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Review ARTICLE

Front. Pediatr., 14 May 2019 | https://doi.org/10.3389/fped.2019.00187

Robotic Urologic Surgery in Infants: Results and Complications

  • Department of Urology, University of Wisconsin-Madison, Madison, AL, United States

Over the last 30 years, robotic surgery has evolved into the preferred surgical approach for many operative cases. Robotics has been associated with lower pain scales, shorter hospitalizations, and improved cosmesis (1, 2). However, its acceptance in pediatrics have been hampered by longer operative times, smaller working space, and limited fine surgical instruments. Many find these challenges even more pronounced when performing robotic surgery in infants (i.e., children <1 year old). Although the data in infants is less robust, many studies have shown benefits similar to the adult population. Specifically, multiple reports of robotic surgery in infants have shown lower postoperative analgesic use. Additionally, hospital stays are shorter, which may lead to quicker return to work for parents and guardians. Multiple reports have shown low complication rates of robotic surgery in infants. When complications have occurred, they are usually Clavien Grade 1 and 2, with occasional grade 3. Often the complications are not from the robotic technique, but are linked to other factors such as the ureteral stents (3, 4). Most importantly, the success rates of surgery are comparable to open surgery. This chapter will review indications for the most common urologic robotic surgeries performed in infants. Also, we will review reported results and complications of robotic surgery in children, with specific attention to the infant population. However, data focused only on infants is limited. Many studies have some infant patients, but their results are often mixed with all pediatric patients.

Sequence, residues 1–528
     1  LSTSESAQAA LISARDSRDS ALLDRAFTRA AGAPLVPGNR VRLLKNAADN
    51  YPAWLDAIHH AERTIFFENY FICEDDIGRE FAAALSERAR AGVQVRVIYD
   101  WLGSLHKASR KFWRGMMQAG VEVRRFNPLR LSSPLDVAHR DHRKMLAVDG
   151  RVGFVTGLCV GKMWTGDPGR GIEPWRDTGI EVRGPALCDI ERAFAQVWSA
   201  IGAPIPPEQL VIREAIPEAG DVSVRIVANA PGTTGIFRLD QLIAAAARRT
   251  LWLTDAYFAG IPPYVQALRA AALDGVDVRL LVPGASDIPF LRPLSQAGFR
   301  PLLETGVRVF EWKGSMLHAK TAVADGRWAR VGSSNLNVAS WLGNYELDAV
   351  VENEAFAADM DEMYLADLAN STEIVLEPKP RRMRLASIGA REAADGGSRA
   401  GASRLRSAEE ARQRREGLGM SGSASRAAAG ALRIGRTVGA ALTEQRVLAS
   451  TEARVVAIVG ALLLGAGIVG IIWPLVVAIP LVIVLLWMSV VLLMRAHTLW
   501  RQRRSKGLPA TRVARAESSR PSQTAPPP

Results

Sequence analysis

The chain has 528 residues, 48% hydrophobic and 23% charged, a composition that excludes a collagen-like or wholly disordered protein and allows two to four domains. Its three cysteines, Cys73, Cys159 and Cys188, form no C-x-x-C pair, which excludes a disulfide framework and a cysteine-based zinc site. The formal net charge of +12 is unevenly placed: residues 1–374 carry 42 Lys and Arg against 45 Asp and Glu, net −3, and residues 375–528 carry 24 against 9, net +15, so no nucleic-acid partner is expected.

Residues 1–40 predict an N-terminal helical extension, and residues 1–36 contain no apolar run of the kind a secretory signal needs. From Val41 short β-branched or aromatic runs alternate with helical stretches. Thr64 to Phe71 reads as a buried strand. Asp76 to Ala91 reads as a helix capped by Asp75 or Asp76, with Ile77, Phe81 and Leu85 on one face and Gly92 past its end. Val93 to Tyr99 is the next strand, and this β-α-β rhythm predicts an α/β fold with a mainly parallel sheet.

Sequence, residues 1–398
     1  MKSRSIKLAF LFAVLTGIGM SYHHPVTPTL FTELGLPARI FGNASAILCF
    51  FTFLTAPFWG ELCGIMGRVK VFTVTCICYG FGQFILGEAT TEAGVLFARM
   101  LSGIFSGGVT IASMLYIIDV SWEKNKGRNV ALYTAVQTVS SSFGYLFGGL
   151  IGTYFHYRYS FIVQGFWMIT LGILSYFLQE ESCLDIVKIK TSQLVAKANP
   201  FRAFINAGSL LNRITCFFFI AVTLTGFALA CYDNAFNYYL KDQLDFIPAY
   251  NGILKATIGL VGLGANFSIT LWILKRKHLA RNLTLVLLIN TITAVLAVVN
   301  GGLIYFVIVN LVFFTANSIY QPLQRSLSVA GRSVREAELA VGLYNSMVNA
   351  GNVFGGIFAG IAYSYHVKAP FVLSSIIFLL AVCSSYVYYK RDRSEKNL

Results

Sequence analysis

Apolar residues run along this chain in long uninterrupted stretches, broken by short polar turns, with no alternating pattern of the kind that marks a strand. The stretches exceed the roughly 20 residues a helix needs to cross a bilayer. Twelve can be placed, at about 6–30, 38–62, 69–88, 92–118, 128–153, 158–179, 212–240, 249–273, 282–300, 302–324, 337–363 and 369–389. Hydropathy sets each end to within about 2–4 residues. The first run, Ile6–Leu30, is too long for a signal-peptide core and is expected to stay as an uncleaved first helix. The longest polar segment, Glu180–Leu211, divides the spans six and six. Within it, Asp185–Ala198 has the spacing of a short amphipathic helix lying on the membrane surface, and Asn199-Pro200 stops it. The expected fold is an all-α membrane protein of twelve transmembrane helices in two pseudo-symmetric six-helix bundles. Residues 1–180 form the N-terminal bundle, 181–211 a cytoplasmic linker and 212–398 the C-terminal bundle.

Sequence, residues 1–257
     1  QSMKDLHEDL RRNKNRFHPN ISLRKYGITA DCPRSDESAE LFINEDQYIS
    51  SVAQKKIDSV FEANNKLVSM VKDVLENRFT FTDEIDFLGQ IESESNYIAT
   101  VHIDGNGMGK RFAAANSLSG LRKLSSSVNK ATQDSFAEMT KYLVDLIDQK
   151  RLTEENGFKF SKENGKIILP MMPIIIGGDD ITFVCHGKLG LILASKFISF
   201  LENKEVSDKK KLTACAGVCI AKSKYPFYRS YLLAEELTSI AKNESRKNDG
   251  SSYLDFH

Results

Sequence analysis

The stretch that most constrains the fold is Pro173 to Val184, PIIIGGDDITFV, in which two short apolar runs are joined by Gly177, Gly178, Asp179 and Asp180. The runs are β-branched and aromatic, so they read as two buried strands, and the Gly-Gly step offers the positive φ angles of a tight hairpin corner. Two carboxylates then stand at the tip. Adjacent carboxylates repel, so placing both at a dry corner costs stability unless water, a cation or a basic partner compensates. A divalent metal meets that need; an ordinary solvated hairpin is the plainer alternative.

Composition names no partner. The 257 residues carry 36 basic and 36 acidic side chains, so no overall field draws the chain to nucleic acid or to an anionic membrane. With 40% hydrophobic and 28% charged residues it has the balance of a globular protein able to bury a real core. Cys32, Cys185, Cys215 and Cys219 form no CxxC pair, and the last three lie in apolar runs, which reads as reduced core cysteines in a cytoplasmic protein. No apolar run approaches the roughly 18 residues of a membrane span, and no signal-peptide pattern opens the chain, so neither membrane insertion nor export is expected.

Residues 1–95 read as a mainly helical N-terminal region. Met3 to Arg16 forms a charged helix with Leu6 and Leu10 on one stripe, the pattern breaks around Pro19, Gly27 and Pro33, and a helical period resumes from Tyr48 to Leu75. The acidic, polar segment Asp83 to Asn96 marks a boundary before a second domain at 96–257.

Background

Initially, urologic interest in minimally invasive surgery was demonstrated in the adult population. In 1993, Kavoussi and Peters described laparoscopic pyeloplasty as an alternative to the open technique. This was in a 24 year old female (5). Moore et al. reported the first 30 adult laparoscopic pyeloplasties at John Hopkins. Mean operative time was 4.5 h. At the time, their postoperative morbidity was low with convalescence of 3 weeks and a mean hospital stay of 3.5 days. Mean follow up of 16.3 months demonstrated radiographic improvement in 97% of the patients (6).

Similar results have been seen when looking at minimally invasive surgery in children. Bauer et al compared outcomes of laparoscopic and open surgery. In 1999, they compared 42 laparoscopic and 35 open pyeloplasties. Pain relief, improved activity levels, and radiographic improvement were similar in these two groups (7). Other series continued to show advantages relative to length of stay (LOS), pain, and cosmesis when comparing laparoscopic and open pyeloplasties (7, 8).

When robotic surgery was introduced, there was excitement due to three-dimensional imaging, 10-fold camera magnification, tremor filtering, and new camera control by the surgeon. Also, there is instrument articulation with full range of motion. Surgeons hoped these enhancements would allow precise suturing, improve tissue handling, and increase ease of doing complex surgical cases. Robotics quickly gained popularity in adult urology for prostate surgery (9, 10). In 1995, Partin et al. described a variety of robotic procedures in 17 adult patients. They saw 3 minor complications and no significant difference in operative time. They were encouraged by the feasibility of robotic surgery, but encouraged more data collection to assess safety and efficacy of robotic surgery (11).